Our gardens are just as busy at night as during the day and the nightshift does as much for the garden as day workers.
Moths are key pollinators and many are just as attractive as butterflies. Some plants, such as strongly scented night stock and nicotiana, release their perfume at night specifically to attract moths but the insects also visit many other flowers, especially pale-coloured ones. 
The more diverse our range of plants and habitats, the better: they visit herbaceous borders, trees, hedges, veg plot, rockery and pond among others.
Like many butterflies, moths can be quite striking even if it’s usually too dark to enjoy the full beauty of the Elephant hawkmoth’s pink and jade green outfit. Luckily one of my honeysuckles has some light nearby, so I can see the moths supping nectar from the tubular-shaped flowers.
Over the last couple of years, I’ve also been lucky enough to see some cinnabar moths in the garden. These black and scarlet coloured insects fortunately fly during the day as well as in the dark.
But we can only enjoy the splendour of all these moths if our gardens are diverse enough to accommodate the insects at all stages of their lives. 
This means providing the food plant the caterpillars need to grow and giving them a safe place to pupate, which is generally beneath leaf litter or just under the soil surface. So excessive tidying will destroy that habitat, as will digging.
Like butterflies, many moth caterpillars feed on specific plant species, and can be quite fetching in their own right. Elephant hawkmoth caterpillars specialise in rosebay willow herb, so you might be glad of their help when facing a shed-load of weeding after your holiday. They reach 8cm, after feasting on your weeds.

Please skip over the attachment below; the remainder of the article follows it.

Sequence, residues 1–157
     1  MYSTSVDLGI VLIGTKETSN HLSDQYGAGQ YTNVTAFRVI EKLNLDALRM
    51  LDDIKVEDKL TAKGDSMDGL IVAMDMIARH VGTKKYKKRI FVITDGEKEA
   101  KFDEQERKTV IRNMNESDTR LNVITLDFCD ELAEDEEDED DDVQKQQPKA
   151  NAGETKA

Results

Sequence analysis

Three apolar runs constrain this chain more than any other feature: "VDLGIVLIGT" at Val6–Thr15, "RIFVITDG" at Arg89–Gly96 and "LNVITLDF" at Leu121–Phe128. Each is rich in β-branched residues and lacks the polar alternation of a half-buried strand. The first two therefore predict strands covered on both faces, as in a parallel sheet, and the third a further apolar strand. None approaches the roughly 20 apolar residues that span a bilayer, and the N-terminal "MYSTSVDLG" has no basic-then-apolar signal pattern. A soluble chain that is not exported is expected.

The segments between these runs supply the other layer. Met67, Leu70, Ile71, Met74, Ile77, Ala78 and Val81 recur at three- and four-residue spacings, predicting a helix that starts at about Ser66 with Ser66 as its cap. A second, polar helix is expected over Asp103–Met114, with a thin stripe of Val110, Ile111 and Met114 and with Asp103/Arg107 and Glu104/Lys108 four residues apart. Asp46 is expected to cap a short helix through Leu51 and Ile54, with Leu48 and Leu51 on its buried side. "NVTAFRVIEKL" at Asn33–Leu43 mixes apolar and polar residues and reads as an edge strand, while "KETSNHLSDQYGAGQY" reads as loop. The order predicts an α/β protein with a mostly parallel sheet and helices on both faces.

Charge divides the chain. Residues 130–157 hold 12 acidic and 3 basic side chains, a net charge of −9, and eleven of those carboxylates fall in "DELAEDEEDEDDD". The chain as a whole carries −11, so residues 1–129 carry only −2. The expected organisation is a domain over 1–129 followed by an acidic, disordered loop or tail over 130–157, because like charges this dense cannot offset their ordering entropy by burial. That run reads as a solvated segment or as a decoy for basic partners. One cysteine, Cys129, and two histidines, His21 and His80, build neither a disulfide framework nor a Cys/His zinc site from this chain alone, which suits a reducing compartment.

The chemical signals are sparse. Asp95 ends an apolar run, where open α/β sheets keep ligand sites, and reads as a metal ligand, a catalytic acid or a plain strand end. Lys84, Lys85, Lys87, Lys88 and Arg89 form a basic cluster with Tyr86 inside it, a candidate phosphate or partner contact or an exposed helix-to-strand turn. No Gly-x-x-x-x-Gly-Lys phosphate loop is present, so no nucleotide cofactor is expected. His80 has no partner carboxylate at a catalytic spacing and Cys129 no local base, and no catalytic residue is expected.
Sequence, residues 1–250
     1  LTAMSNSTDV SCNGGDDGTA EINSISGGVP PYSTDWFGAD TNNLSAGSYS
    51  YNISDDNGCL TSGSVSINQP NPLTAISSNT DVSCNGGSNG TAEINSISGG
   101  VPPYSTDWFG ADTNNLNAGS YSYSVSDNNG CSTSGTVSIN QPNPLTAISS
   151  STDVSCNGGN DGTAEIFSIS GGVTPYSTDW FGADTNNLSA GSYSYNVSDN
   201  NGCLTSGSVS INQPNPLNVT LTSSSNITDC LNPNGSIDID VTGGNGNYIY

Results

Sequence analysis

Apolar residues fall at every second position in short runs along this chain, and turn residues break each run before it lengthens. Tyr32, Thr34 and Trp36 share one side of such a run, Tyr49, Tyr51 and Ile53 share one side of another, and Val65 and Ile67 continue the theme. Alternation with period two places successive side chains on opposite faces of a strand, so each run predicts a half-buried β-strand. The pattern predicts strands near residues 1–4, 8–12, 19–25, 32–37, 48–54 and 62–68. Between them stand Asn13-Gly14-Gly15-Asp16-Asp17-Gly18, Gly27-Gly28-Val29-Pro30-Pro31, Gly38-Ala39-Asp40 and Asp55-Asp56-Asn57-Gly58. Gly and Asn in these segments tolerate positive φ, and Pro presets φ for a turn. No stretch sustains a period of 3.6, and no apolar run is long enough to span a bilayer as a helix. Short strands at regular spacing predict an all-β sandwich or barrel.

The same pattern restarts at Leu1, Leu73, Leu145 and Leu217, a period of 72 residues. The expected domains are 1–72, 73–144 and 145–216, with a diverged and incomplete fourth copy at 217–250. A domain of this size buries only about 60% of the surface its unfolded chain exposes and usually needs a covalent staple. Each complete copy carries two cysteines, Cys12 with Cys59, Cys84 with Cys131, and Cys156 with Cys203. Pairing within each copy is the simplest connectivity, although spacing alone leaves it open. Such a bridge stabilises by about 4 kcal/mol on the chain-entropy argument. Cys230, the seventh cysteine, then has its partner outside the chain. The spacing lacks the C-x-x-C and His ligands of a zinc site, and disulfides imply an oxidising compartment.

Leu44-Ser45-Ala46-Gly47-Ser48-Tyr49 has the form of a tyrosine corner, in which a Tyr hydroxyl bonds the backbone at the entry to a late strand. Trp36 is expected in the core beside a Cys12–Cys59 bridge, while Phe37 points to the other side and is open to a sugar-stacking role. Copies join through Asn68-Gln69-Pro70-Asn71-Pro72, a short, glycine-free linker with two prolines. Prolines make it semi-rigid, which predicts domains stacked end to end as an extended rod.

They’re green-brown with large black false eyes and a horn on the rear end. To frighten off any possible predators they also try to look alarming by rearing up, even though they’re quite harmless.
Cinnabar moth caterpillars also offer a weeding service. They’re brightly coloured in yellow and black stripes to advertise their toxicity to passing birds. 
They feed on most species of senecio: you often see them on ragwort, Senecio jacobaea, and I’ve seen them on Senecio squalidus, Oxford ragwort.  They obligingly defoliate our groundsel, eating the flowers and developing seed heads.


Plant of the week:

NICOTIANA SYLVESTRIS is the biggest and most heavily scented of the Nicotianas. Growing to 1.5m, it produces masses of white, nodding, tubular flowers, densely packed in panicles, that start to release their scent at dusk. Can be grown in sun or partial shade in a border or large pot. Plants may need support as the leaves on the stout stem growing from the basal rosette become heavy, especially in rain, and the whole plant can be blown over. Nicotianas are not cold hardy and must be sown afresh each year.


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